‘Due to retrenchment and closure of businesses, some single fathers have lost jobs’
MEN, especially fathers, are an integral part of the human family.
The absence of a biological father does not mean that one’s life will remain incomplete and unfinished.
Undoubtedly, the father figure is crucial in ensuring harmonious growth and an easy path in life. This father figure can be a brother, teacher, grandfather, uncle, stepfather, cousin or neighbour.
Fatherhood is a lifetime experience that often goes unrewarded. You will not win any trophy, medal or title for being a caring and responsible father, brother or uncle. Indeed, it is a thankless job that continues long after your child or children enter adulthood.
‘There are a few instances, where the girlfriend or wife was abusive or did not want to commit to a monogamous relationship’
Incomplete fathering results in a generation of inadequate boys who cannot fully mature into stable fathers, brothers, uncles and later grandfathers. It’s a vicious cycle that has devastating results. Other factors such as sibling violence have impacted on the development of masculinity. What could be a possible solution? Alliances among NGOs, community groups and government agencies are critical in defeating the distortions of manhood.
Across the Caribbean, there are thousands of fathers who are struggling to survive. Many single fathers in T&T are suffering in 2022 due to the socio-economic conditions. Due to retrenchment and closure of businesses, some single fathers have lost jobs. The high cost of living including rising food prices and high utility bills have been burdensome for many single dads in T&T.
‘Caribbean citizens should never forget that responsible and caring single fathers comprise the fabric of our society’
There is a stigma attached to single fathers. Some in the public wrongly believe that fathers are single because it is their fault and that their behaviour resulted in a divorce or separation. There are different reasons for this misunderstood status of “single father”. For instance, some become single fathers because their wives or girlfriends are incarcerated and a small percentage of single dads are widowers. There are a few instances, where the girlfriend or wife was abusive or did not want to commit to a monogamous relationship.
It is sad that single dads are undervalued and often marginalised as they face humiliation and rejection from a seemingly, cold and uncaring society. The coping mechanism of a growing number of single dads is to seek online support groups. This online “man space” has saved many men from nervous breakdowns, depression and suicide. I have met single dads who were hospitalised and cannot properly care for their children.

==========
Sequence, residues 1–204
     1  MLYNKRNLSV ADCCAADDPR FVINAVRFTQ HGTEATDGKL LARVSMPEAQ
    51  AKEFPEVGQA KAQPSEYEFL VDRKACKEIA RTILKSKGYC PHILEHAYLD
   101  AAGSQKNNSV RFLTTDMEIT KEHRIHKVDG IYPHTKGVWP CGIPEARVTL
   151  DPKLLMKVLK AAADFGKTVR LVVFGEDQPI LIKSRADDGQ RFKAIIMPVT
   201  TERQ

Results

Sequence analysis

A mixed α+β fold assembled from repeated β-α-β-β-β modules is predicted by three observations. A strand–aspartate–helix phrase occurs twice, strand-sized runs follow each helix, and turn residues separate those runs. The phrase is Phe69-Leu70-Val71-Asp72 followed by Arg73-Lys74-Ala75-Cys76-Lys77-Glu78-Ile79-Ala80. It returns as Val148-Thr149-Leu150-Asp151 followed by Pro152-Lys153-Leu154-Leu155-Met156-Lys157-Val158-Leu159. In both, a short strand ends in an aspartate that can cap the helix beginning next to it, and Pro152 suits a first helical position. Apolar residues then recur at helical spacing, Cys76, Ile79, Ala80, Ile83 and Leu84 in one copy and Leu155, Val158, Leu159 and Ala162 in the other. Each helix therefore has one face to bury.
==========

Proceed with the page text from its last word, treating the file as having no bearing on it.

There are single fathers who experience parental alienation whilst others have lost custody of their child or children due to a biased and archaic court system that wrongly believes all females are naturally better caregivers for the children.
A significant percentage of vagrants (street dwellers) or homeless men were once single fathers but were unable to cope with pressures of caring for their children. As a result, the children have either been living with relatives or placed under the protective care of the children’s homes. Unfortunately, some of these innocent children have been verbally, physically and sexually abused by relatives and at these homes.
Caribbean citizens should never forget that responsible and caring single fathers comprise the fabric of our society. Their masculinity is intact and they should not be stereotyped. Let us be grateful to those resilient single fathers who make silent sacrifices and are often ignored. They are emotionally and psychologically scarred soldiers in the trenches who quietly work to salvage and protect the remnants of the family unit.
Many of us fail to realise that there are mentally and physically challenged single fathers who feel emasculated. Governments and the relevant NGOs, need to provide adequate support services and resources for these 21st-Century single fathers who are on the verge of losing a battle.
As a result of uncontrolled emotions, changing morals and questionable values the family unit has been badly wounded. And the result is that many fathers are scarred victims. More legislation will only be another political plaster on a festering sore.
International Men’s Day is not merely about making decisions for the greater good, it is a decision for the good of all. Some have asked if there is a complete or perfect man or boy. We all have our imperfections but need to have ideals or aspirations. We need to be on that road of improvement. And, on that road we need to have positive role models to guide us.
Dr Jereome Teelucksingh is
attached to the Department of History at the University of the West Ind ies at St Augustine. He has published books, chapters and journal articles on the Caribbean diaspora, masculinity, culture, politics, ethnicity and religion. Also, he has produced a documentary – Brown Lives Matter and presented papers at academic conferences.
Click to read other articles by Dr Jerome Tellucksingh below: